11) Don't expect one job to lead to another. 

12) Go up for everything. Get as much experience auditioning as possible and it's the best way of meeting people. Hey, you might even get the job. 

13) The converse of this is never audition if you are not ready. Nobody wins if you turn up just to make your agent or the casting director happy - and as much as they rely on you to represent them well, your reputation as an actor is at stake with every audition. 

14) Never assume that you aren't right for a role. It's a defeatist attitude and frankly none of your business anyway - if the casting director and director think you're potentially ideal as the stuttering army officer from Bratislava with only one good eye then you are. 

15) Everyone can do what you can do except be you as well as you can be you. Know what I mean?

16) Be lovely to everyone no matter what. 

Look. I could go on all day and given half a chance I would. What I've written may or may not be useful to you either now or in the future. Naturally I hope that some of my mindless rambling will resonate and may even be of some help somewhere along the line otherwise why on earth would I bother? I've bothered because I am just as hungry for help and guidance today (from those qualified to give it) as I was when I graduated back in July 1997. This is a job where we get to paid to frisk, gambol, frolic and play, and where the opportunity to learn is never-ending. Isn't that why we do it?

 

"That's what games are, in the end. Teachers. Fun is just another word for learning."

― Raph Koster

 

Sex, Money and the Art of Restoration Comedy

Tuesday, 17 February 2015 00:00


restoration

Written by 2 Year Course Student Will Gillham

An account of Will's experience of the Restoration Comedy block and performance


It's interesting when you think about it: theatre has been a stable part of culture since the dawn of civilisation and, yet, we forget about so many interesting periods of theatricality that can still hold a candle to the best Shakespearian soliloquies or Chekhovian performances. In fact, most people go straight from Shakespeare to the twentieth century when looking for good drama and completely miss out the period that had some of the dirtiest jokes, the wittiest writing, and, well, all the sex - The Restoration.

To sum up, the English Restoration was a period of great social change. Naturally, after years of strict Puritan rule in the late 1600s, the people of England were only too glad to welcome back their exiled King and, with him, alcohol, Christmas, and, of course, theatre. The King had learnt a lot from the much more sexualised and loose French forms of entertainment, and they were immediately installed into our society. That's right, there was actually a brief period in our English history where the French were admired. Crazy times. What this meant for the theatres was a huge increase of plays about sex, money and, with the radical introduction of women to the stage, a hell of a lot of corsets.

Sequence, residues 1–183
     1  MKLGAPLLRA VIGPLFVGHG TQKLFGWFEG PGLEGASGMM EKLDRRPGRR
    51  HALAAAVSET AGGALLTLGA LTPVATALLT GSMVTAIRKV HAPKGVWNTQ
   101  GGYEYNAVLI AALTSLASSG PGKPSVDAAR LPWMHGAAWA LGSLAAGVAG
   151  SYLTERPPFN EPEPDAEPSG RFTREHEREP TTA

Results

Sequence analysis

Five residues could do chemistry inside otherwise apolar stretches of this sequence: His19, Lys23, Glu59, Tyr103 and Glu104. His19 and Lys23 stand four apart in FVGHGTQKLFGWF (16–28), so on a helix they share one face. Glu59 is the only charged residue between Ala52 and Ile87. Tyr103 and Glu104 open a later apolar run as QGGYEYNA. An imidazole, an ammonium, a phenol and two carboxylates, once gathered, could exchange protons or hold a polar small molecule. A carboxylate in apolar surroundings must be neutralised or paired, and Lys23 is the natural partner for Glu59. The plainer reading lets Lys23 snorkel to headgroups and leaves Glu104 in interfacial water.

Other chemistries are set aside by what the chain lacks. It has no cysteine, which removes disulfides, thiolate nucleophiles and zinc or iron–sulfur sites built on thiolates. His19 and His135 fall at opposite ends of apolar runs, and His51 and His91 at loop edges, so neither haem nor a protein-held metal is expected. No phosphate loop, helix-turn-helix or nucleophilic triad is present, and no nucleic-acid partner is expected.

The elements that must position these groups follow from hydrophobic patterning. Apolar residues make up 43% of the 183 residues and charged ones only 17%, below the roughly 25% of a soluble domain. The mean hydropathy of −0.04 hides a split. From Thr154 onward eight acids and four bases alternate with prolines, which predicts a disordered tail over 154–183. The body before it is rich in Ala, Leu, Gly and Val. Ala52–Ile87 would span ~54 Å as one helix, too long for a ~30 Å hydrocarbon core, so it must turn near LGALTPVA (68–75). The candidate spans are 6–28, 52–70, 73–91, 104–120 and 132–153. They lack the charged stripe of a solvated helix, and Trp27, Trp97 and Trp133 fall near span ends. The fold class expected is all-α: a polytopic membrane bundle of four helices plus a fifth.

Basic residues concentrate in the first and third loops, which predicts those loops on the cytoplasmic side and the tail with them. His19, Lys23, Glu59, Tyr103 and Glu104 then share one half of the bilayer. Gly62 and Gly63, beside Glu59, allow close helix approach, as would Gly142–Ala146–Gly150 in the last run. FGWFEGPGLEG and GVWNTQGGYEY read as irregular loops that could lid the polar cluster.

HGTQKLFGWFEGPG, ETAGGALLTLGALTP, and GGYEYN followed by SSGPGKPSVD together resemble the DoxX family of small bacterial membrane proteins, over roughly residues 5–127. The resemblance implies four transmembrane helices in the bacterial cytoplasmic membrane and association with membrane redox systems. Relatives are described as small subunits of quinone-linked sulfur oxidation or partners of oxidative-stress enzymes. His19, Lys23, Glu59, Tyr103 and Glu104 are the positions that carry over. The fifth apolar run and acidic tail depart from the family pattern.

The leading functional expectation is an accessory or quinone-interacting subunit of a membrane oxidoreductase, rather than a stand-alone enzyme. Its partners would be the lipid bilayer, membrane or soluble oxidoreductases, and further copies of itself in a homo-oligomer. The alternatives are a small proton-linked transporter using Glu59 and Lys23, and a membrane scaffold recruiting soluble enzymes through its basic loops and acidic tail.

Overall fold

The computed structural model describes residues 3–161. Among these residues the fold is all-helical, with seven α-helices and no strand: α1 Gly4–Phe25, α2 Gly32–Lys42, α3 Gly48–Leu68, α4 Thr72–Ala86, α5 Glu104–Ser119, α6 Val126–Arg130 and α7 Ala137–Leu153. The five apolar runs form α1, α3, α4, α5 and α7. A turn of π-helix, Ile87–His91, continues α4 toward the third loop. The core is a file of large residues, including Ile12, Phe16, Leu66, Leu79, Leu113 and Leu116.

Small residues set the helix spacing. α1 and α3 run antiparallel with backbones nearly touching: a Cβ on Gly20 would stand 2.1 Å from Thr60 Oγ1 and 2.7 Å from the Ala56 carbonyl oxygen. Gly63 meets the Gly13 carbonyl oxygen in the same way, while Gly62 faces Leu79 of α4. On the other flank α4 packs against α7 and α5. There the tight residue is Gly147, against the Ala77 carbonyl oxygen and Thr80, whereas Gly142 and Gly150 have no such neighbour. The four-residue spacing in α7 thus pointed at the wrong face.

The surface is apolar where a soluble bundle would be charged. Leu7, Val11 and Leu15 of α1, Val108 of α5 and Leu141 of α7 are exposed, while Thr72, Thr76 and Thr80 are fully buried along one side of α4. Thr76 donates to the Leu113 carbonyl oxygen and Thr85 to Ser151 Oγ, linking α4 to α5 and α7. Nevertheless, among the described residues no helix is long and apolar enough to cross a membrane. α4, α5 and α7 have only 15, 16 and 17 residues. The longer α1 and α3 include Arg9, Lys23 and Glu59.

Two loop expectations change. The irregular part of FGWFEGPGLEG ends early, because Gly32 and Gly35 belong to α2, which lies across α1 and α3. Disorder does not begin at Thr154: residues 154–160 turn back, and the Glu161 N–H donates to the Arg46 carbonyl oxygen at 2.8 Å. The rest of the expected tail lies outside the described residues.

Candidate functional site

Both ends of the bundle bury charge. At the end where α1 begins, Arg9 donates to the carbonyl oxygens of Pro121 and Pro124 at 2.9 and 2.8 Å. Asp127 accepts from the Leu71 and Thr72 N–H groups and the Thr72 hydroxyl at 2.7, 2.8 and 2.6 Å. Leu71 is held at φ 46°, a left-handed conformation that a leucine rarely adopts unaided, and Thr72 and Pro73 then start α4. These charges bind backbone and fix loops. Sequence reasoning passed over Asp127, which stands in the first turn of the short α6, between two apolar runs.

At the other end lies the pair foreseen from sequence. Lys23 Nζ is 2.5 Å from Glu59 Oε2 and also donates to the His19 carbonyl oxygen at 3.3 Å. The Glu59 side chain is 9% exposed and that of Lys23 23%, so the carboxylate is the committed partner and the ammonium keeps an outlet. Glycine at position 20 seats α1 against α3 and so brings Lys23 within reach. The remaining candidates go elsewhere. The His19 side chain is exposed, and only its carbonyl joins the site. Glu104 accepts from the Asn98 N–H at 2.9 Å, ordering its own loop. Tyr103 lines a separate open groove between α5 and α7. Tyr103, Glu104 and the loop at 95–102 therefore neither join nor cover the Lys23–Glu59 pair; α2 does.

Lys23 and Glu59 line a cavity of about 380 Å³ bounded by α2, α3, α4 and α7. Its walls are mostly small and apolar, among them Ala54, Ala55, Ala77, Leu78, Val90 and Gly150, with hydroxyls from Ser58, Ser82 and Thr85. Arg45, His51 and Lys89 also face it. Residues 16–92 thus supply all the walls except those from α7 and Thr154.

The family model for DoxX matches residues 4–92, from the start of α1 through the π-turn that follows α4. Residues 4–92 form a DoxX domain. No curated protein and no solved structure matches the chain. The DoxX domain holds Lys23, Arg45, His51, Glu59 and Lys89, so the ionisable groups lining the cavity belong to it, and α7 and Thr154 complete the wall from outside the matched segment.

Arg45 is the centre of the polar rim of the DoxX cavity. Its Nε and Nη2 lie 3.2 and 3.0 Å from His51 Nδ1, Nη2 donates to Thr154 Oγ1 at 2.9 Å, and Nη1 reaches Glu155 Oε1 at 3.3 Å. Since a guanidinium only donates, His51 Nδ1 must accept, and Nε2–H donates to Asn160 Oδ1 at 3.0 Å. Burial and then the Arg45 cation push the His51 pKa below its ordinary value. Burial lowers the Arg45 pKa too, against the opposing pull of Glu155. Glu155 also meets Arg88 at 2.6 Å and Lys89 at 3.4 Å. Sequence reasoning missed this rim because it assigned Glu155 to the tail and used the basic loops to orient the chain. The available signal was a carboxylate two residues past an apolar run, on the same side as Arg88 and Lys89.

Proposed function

This was all explained to us in a fantastic workshop that got us to grips with the Restoration way of life. Catherine Weate gave a fascinating explanation of the wants and needs of the characters we would encounter (sex, money, and more sex), whilst Crispin Harris provided us with an extremely detailed timeline of the period. David Wylde's advice on approaching the text was an invaluable source that helped many of us get to grips with the language, and Granville Saxton's lecture on how to expand the moment and use 'business' on stage was both informative and entertaining. A special mention should also go to Darren Royston for his engaging introduction to period movement (it's all about showing off the calf muscles - the ladies love the calf muscles) and to Christopher Hawes for his fantastic, hands on lesson in successfully taking on the personas of Commedia characters. All in all, there was a lot to learn in a short amount of time, but it definitely paid off.

We performed two shows, both by John Vanbrugh - The Provoked Wife and The Relapse. As a performer in the latter, I can safely say it was definitely a different rehearsal process to any other I've experienced. David Wylde got right down to business with training our voices (vowels and consonants are more important than ever in Restoration comedy - Shakespeare's verse is child's play in comparison) and getting us to grips with our characters' desires and goals. In a sense, it's fairly simple: if your character doesn't want sex, they probably want money. Though they'll probably want sex later. With a bit more money. Fans and corsets were also the inevitable challenge for the girls; it's never easy to speak challenging dialogue whilst providing another readable language with the creative placing of your fan around your person (ironically, without ever fanning yourself) and then, y'know, struggling to breathe throughout all that. Then again, the guys had issues too: our shoes were a bit tight and, ok, yeah, the girls win this one.